CLASH: Photometric redshifts with 16 HST bands in galaxy cluster fields Academic Article uri icon

abstract

  • Context. The Cluster Lensing And Supernovae survey with Hubble (CLASH) is a Hubble Space Telescope (HST) Multi-Cycle Treasury programme that observes 25 massive galaxy clusters, 20 of which were X-ray-selected to preferably choose dynamically relaxed clusters, and 5 additional “high magnification” clusters, which were selected based on their optical lensing properties. CLASH aims to study the dark matter distribution of the clusters and find magnified high-redshift galaxies behind them. CLASH observations were carried out in 16 bands from UV to NIR to derive accurate and reliable estimates of photometric redshifts. Aims. We present the CLASH photometric redshifts using 16 HST bands and study the photometric redshift accuracy including a detailed comparison between photometric and spectroscopic redshifts for the strong lensing arcs using the measurements from the cluster MACSJ1206.2-0847. Methods. We used the publicly available Le Phare and BPZ photometric redshift estimation codes on 17 CLASH galaxy clusters for which the full photo-z data processing had been completed at the time of this analysis, and derive an estimate of the CLASH photo-z accuracy. Results. Using Le Phare code for objects with a S/N ≥ 10, we reach a precision of 3%(1 + z) for the strong lensing arcs, which is reduced to 2.4%(1 + z) after removing outliers. For galaxies in the cluster field, the corresponding values are 4%(1 + z) and 3%(1 + z). Using mock galaxy catalogues, we show that 3%(1 + z) precision is what is expected using the baseline sky substraction algorithm when taking into account extinction from dust, emission lines, and the finite range of SEDs included in the photo-z template library. An improved method for estimating galaxy colours that yields more accurate photometric redshifts will be explored in a forthcoming paper. We study photo-z results for different aperture photometry techniques and find that the SExtractor isophotal photometry works best. We check the robustness of the arcs photo-z results by rederiving the input photometry in the case of MACS1206. We describe and release a photometric redshift catalogue of the MACS1206 cluster we study. Conclusions. Our photo-z codes give similar results for the strong lensing arcs, as well as for galaxies of the cluster field. Results are improved when optimizing the photometric aperture shape that shows an optimal aperture size around 1′′ radius, giving results that are equivalent to isophotal photometry. Tailored photometry of the arcs improves the photo-z results by showing more consistency between the different arcs of the same strong lensing system.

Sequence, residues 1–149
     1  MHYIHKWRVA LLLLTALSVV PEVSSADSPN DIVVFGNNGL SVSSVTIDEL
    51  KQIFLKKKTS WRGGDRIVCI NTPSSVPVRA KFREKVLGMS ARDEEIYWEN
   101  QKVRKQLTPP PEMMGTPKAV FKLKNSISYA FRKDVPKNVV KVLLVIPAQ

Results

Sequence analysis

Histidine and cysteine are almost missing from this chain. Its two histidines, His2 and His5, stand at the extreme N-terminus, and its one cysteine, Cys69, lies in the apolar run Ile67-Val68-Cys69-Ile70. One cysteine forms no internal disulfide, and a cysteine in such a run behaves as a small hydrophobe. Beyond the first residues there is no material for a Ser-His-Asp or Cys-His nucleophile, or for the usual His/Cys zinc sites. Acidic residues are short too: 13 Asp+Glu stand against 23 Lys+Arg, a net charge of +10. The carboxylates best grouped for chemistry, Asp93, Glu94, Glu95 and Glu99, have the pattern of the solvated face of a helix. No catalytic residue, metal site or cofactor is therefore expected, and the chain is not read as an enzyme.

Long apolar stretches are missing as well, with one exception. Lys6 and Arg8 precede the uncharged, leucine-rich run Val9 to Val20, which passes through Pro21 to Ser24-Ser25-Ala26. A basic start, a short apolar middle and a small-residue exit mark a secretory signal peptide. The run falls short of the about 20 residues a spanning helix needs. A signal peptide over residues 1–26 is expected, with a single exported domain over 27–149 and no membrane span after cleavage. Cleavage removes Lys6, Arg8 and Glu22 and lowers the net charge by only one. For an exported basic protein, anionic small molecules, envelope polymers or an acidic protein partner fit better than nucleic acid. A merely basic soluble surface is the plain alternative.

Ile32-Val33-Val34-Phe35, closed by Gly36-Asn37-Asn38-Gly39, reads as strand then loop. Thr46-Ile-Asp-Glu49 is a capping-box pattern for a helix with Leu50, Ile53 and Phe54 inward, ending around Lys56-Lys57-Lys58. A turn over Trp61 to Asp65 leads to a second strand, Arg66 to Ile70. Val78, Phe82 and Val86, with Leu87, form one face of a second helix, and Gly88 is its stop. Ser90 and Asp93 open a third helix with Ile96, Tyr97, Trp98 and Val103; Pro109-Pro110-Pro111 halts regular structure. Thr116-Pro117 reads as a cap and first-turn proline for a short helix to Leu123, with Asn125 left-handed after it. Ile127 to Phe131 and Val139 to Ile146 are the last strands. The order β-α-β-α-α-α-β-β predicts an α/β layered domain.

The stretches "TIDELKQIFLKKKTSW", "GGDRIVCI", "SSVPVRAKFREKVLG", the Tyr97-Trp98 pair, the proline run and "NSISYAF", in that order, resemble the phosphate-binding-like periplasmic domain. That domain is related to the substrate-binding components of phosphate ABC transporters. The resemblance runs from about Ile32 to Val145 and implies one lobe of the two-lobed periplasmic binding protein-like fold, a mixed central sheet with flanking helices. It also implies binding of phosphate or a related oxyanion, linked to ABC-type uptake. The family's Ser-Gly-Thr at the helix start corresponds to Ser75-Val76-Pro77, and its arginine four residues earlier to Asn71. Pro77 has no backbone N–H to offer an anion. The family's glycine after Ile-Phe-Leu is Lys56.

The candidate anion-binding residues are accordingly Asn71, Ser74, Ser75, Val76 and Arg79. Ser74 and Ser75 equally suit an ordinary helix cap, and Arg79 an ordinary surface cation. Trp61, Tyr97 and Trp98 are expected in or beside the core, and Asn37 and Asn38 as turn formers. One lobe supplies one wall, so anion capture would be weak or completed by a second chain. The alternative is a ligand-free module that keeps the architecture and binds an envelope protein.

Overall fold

authors

publication date

  • January 1, 2014